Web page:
- “The continuation of such long standing and rationally based practices can be considered as an aspect of legal certainty“.
The Paris Convention and US Law
The third question (see above) addressed the extent to which national law could be used to determine the answer to the question of ‘who’ filed the first priority-establishing patent application.
The Board concluded:
“the Paris Convention is part of the “Supreme Law of the Land” in the US“
“It is thus clear that the Paris Convention, being an integral part of US law, determines who “any person” is, and this determination is a purely formal one“.
We are then left with what can only be a warning:
“it is clear that applicants wishing to use US provisional applications should be aware of the difficulties they may face if they use these applications to claim priority for a European patent application. This is simply a consequence of the US’s adhesion to the Paris Convention. The Notice from the President of the EPO  cannot exempt the EPO from applying the Paris Convention and there is no evidence that this was its intention“.
Two possibilities for a referral exist under the EPC: (i) ensuring uniform application of the law, and (ii) if a fundamental point of law arises, and the Patentees raised both as grounds for a referral.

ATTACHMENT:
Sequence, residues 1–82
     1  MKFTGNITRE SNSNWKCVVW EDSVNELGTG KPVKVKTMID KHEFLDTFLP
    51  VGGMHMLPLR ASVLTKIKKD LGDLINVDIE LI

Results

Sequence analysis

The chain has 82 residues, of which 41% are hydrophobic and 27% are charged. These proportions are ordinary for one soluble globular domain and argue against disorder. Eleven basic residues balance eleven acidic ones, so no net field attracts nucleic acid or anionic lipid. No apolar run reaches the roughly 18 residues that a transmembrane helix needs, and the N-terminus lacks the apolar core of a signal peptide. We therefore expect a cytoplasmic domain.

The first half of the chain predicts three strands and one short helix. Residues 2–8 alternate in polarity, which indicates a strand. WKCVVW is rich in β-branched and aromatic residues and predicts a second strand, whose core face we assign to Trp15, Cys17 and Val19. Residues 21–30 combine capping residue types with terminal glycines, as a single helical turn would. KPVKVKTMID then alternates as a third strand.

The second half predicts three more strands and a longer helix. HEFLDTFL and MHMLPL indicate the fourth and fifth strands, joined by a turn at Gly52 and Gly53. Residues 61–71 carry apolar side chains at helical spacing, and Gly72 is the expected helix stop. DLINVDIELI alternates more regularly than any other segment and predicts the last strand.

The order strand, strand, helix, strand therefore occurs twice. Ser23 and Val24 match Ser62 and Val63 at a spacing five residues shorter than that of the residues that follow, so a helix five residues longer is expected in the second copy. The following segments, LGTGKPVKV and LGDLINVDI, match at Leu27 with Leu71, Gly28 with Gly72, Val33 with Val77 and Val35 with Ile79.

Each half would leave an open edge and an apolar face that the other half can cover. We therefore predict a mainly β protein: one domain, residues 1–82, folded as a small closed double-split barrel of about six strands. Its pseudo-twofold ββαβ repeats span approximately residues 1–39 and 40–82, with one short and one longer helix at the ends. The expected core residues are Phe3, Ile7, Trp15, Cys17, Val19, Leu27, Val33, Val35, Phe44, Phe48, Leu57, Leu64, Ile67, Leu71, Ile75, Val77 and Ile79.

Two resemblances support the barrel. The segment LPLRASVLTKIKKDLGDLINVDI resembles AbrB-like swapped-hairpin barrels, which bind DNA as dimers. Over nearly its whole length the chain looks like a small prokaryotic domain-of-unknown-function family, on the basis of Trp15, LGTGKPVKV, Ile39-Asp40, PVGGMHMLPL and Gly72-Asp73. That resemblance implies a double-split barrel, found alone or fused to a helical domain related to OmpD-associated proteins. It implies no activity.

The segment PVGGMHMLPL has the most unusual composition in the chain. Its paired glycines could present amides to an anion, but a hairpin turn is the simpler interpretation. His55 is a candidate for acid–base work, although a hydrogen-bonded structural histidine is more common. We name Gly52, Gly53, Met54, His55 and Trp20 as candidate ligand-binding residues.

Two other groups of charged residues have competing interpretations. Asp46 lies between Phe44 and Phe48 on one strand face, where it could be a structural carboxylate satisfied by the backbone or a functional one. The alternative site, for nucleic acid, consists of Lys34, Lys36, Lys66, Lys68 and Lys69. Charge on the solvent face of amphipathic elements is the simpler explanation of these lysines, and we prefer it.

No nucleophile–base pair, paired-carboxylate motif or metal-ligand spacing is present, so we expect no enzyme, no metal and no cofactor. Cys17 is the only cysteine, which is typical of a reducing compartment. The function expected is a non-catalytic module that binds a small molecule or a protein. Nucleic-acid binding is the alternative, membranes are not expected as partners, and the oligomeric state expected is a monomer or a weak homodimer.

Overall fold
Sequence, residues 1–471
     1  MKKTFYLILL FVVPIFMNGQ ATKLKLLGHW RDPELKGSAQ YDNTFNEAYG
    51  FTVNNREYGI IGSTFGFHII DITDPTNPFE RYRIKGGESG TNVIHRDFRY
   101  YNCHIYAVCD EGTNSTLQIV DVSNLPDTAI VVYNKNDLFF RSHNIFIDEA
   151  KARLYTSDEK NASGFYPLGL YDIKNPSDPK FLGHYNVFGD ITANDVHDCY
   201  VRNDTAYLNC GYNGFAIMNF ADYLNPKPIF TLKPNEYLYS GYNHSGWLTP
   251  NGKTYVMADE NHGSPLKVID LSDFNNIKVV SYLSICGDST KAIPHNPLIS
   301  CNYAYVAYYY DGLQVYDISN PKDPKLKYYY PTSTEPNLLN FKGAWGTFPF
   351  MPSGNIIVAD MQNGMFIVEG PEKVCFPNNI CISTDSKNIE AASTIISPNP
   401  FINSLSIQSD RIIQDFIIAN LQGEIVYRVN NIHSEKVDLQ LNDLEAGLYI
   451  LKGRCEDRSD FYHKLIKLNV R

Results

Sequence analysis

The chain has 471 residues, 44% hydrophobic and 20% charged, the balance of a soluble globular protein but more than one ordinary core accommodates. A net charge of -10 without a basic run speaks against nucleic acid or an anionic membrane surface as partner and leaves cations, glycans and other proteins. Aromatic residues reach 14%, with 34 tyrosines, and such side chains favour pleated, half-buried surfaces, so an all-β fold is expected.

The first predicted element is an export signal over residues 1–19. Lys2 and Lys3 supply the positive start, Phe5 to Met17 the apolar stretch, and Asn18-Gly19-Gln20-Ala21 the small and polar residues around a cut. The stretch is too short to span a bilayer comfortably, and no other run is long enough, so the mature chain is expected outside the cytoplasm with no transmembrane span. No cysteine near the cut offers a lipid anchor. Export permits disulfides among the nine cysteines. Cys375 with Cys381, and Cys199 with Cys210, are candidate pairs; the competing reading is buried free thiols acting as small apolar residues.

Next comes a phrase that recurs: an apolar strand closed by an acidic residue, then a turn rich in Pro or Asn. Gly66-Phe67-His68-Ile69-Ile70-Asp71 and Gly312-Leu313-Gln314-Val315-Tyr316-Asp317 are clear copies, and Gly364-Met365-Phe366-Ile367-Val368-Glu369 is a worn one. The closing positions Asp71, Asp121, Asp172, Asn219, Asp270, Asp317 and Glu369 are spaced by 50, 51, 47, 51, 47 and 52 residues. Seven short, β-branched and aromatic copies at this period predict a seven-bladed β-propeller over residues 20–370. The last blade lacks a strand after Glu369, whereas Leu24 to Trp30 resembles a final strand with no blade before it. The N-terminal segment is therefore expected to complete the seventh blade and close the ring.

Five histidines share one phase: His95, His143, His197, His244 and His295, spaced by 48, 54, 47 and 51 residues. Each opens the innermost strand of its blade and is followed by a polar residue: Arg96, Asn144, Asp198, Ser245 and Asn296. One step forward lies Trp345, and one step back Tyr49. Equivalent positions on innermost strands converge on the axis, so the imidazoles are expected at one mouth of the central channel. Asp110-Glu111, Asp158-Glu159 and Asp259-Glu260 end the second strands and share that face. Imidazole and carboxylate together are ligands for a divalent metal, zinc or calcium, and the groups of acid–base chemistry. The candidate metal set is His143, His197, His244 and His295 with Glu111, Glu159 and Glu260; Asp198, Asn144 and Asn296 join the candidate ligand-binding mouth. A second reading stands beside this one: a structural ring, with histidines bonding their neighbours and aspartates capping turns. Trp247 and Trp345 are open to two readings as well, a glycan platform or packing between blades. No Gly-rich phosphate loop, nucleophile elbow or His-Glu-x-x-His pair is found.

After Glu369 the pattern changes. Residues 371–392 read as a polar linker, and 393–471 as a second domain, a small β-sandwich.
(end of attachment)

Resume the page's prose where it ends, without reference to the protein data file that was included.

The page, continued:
The Board held:
“The uniform application of the law point does not apply in this case as the instances of the EPO have without exception adopted a consistent interpretation of Article 87(1) since the inception of the European patent system“.
“The Board has a discretion whether to refer questions, even if a point of law of fundamental importance is concerned […] In this case the Board has been able to answer the questions raised beyond doubt, hence no referral is necessary“.
The appeal and the request for a referral were thus both dismissed, the Board confirming the earlier decision of the Opposition Division and agreeing with the EPO’s long-standing practice in interpreting Paris Convention Article 4(A) and EPC Article 87(1).
 This phrase referring to the same applicant(s) or their successor(s) in title
 T788/05, T382/07
 In the name of The Broad Institute, Inc., Massachusetts Institute of Technology and President and Fellows of Harvard College
 PCT Art. 8(2)(a)
 See e.g. Case Law of the Boards of Appeal, Ch. II, D, 4.2 “Identity of applicant”
 This phrase referring to the same applicant(s) or their successor(s) in title
 T788/05, T382/07
 EPC Art. 89
 EPC Art. 87(1)(a) “… in respect of the same invention, a right of priority …”
 EPC Art. 87 (1)(a) “Any person who as duly filed … an application for a patent … shall enjoy … a right of priority”
 See e.g. EPO explanation at https://www.epo.org/law-practice/case-law-appeals/communications/2020/20201106.html